The First World War, Second Edition: A Complete History
The acclaimed British historian offers a majestic, single-volume work incorporating all major fronts-domestic, diplomatic, military-for "a stunning achievement of research and storytelling"
It was to be the war to end all wars, and it began at 11:15 on the morning of June 28, 1914, in an outpost of the Austro-Hungarian Empire called Sarajevo. It would end officially almost five years later. Unofficially, it has never ended: the horrors we live with today were born in the First World War.
It left millions-civilians and soldiers-maimed or dead. And it left us with new technologies of death: tanks, planes, and submarines; reliable rapid-fire machine guns and field artillery; poison gas and chemical warfare. It introduced us to U-boat packs and strategic bombing, to unrestricted war on civilians and mistreatment of prisoners. Most of all, it changed our world. In its wake, empires toppled, monarchies fell, whole populations lost their national identities as political systems, and geographic boundaries were realigned. Instabilities were institutionalized, enmities enshrined. And the social order shifted seismically. Manners, mores, codes of behavior; literature and the arts; education and class distinctions-all underwent a vast sea change. And in all these ways, the twentieth century can be said to have been born on the morning of June 28, 1914.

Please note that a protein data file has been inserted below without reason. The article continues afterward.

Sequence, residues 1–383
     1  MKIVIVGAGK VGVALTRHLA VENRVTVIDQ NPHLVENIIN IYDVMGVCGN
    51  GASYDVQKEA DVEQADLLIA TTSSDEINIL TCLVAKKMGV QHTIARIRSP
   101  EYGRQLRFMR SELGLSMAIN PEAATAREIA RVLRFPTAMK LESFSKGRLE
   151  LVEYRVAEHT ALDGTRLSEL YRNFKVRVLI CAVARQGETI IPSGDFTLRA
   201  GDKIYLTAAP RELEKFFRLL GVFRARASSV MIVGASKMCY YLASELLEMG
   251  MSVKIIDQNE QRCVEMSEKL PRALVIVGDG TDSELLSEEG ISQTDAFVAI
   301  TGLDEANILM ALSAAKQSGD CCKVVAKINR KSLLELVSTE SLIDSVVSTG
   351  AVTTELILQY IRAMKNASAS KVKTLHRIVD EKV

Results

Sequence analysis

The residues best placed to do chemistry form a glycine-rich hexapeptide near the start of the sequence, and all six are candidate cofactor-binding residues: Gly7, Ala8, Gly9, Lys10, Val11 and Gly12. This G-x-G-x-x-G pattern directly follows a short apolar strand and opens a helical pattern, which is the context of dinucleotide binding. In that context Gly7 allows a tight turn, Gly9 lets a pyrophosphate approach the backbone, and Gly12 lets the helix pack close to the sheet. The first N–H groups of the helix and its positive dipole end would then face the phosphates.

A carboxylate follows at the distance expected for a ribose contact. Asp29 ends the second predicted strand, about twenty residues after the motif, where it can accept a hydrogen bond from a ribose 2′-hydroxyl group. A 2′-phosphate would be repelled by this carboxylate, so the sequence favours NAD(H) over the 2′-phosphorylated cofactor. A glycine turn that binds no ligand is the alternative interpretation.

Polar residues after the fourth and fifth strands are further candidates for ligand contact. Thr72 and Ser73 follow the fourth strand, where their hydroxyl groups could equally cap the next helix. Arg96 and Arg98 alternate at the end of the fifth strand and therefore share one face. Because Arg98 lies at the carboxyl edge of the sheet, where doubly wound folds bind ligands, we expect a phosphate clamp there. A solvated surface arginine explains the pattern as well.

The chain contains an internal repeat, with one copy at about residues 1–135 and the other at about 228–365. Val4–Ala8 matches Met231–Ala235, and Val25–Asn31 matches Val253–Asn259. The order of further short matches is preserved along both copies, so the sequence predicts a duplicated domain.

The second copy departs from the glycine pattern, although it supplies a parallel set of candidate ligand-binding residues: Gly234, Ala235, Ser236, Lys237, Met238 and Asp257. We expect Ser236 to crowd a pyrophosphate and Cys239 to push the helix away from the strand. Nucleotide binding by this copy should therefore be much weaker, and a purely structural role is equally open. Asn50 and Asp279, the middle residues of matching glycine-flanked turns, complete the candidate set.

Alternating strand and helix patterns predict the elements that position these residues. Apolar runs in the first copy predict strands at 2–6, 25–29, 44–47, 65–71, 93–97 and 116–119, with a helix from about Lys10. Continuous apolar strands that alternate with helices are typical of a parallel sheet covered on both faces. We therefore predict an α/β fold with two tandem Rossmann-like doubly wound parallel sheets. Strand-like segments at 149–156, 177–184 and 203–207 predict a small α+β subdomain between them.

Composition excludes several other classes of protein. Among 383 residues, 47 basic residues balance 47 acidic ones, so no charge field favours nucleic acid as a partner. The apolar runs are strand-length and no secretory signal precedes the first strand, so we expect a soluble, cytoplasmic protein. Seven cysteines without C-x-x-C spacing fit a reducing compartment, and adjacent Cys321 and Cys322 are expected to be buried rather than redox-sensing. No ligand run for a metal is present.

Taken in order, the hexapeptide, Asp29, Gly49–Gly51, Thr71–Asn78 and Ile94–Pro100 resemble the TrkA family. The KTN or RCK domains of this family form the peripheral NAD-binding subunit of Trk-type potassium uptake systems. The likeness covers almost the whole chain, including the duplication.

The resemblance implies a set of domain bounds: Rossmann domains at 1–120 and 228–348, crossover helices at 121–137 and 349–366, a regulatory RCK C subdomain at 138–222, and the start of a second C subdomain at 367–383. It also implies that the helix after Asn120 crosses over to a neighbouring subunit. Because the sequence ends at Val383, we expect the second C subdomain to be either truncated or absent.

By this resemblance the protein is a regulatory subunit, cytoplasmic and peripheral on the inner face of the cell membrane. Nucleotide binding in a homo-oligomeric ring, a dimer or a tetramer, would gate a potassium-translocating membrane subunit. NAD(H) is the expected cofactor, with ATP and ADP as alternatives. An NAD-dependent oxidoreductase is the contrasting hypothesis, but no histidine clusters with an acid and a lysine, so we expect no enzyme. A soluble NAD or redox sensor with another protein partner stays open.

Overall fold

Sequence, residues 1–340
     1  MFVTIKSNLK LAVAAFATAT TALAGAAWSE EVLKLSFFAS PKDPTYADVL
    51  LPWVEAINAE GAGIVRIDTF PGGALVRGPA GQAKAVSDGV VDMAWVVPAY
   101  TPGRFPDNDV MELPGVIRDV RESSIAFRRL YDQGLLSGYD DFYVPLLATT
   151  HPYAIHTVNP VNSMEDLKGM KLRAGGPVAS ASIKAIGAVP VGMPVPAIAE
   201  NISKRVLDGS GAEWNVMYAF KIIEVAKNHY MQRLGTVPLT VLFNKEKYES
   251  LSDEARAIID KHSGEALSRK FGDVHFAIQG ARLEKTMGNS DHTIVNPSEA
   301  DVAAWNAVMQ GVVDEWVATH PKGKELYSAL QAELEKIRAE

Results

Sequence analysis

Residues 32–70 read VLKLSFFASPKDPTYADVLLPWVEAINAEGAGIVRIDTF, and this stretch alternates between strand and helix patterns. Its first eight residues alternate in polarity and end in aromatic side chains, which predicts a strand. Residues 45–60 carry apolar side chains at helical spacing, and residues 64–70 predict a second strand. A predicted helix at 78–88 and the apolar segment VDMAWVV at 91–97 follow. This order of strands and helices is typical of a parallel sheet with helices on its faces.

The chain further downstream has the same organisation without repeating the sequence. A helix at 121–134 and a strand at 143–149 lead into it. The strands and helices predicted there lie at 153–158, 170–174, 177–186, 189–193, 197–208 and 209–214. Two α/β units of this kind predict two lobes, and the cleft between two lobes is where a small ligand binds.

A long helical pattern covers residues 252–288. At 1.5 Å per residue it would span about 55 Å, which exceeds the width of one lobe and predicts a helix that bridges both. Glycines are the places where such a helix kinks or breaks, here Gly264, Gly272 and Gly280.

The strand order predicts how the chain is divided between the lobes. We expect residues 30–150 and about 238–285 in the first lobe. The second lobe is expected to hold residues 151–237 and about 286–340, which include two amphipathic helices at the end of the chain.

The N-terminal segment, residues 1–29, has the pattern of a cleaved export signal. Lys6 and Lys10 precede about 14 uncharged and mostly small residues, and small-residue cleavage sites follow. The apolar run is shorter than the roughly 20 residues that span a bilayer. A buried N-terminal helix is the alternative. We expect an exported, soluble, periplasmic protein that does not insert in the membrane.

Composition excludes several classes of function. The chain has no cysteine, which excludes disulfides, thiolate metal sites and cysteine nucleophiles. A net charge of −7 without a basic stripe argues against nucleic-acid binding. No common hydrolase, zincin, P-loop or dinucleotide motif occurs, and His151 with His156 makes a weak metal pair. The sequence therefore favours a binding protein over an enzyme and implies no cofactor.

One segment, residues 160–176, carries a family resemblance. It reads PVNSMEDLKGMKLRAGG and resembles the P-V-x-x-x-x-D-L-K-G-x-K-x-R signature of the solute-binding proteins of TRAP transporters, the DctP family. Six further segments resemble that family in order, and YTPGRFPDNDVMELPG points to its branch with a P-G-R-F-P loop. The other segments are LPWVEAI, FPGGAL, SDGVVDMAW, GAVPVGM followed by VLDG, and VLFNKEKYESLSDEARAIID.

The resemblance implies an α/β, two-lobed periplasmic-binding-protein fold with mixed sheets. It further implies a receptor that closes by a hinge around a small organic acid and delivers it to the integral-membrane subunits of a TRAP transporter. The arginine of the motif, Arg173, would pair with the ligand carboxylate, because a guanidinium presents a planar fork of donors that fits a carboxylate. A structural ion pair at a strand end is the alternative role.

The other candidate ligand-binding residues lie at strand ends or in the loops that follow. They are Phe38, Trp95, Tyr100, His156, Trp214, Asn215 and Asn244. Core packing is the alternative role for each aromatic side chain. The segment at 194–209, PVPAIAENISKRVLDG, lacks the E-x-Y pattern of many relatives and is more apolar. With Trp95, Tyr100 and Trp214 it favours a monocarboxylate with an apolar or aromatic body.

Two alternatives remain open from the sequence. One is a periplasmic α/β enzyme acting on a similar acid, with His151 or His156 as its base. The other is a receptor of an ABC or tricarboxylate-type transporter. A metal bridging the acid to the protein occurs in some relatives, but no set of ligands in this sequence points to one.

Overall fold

"One of the first books that anyone should read in beginning to try to understand this war and this century."
-The New York Times Book Review (cover)
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Review: The First World War: A Complete HistoryUser Review - Matthew Helm - Goodreads
This book is a fantastic overview to the First World War. Very easy to read and moves very quickly. This book does not get bogged down into unecessary details. Read full review
Review: The First World War: A Complete HistoryUser Review - Sean - Goodreads
It's hard to conceive of the horror of World War I, but this book takes you through every campaign, every battle, in great detail. It includes more personal accounts of the war, rather than higher ... Read full review